Stumped: Stuck - unable to proceed, often regarding being confounded by some intellectual puzzle.
Some authorities have supposed that this derives from the development of the road system in the USA. When these highways were being built the stumps of sawn down trees could be no more than 15 inches tall. This was fine for the high axle wagons until rain softened the soil, at which time wagons would sink into the mud and were 'stumped'. This is a good story, albeit one that doesn't come packaged with any real evidence. Others have suggested that it might be from cricket, in which a batsman is out if the wicket-keeper removes the stumps with the ball when the batsman is out of his ground. This explanation is also lacking supporting evidence and in any case doesn't really match the meaning of the expression.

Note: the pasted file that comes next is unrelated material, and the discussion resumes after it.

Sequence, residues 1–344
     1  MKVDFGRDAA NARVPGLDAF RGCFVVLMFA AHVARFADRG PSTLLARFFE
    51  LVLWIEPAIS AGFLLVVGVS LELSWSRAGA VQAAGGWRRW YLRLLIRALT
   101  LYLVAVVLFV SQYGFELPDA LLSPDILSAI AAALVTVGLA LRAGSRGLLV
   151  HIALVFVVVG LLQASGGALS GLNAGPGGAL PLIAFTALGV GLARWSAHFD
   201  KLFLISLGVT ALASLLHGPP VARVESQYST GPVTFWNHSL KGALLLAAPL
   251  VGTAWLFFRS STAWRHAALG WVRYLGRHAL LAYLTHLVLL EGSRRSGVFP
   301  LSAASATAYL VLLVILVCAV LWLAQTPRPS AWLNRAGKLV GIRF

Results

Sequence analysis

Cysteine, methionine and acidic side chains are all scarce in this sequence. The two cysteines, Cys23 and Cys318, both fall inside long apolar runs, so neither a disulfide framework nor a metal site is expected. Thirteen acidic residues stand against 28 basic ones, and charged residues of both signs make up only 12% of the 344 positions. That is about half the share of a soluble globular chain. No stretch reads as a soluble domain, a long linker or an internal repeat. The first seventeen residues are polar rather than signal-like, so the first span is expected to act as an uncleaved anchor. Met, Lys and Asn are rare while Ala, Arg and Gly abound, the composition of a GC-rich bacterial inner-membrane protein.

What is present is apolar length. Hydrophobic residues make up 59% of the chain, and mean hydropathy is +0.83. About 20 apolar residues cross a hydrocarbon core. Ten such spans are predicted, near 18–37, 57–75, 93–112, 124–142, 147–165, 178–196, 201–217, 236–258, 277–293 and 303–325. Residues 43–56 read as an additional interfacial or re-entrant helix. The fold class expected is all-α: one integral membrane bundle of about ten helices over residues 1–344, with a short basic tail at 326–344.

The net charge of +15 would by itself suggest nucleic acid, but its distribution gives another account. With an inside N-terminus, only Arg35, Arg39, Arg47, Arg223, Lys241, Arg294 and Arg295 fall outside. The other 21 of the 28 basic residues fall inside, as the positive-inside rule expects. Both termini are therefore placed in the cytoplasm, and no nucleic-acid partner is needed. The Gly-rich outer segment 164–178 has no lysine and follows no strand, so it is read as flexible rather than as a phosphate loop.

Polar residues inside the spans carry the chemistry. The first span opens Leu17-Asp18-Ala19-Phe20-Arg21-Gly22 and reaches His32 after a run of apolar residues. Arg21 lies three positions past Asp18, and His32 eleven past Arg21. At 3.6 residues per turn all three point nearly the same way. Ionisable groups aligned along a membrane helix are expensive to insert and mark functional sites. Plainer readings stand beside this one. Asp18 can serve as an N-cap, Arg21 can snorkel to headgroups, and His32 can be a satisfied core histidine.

It is more likely that the term derives from ploughs sticking when they hit tree-stumps. The USA origin is certainly correct though. All of the early citations of the phrase originate from there; for example, Seba Smith's Letters of Major Jack Downing, 1833:
"My Good Old Friend, - I'm stumped. I jest got a letter from the Gineral."
The term is pre-dated by the term 'stumper', which was US slang for a difficult poser. This was cited in an 1807 edition of the New York magazine Salmagundi:
"They happened to run their heads full butt against a new reading. Now this was a stumper."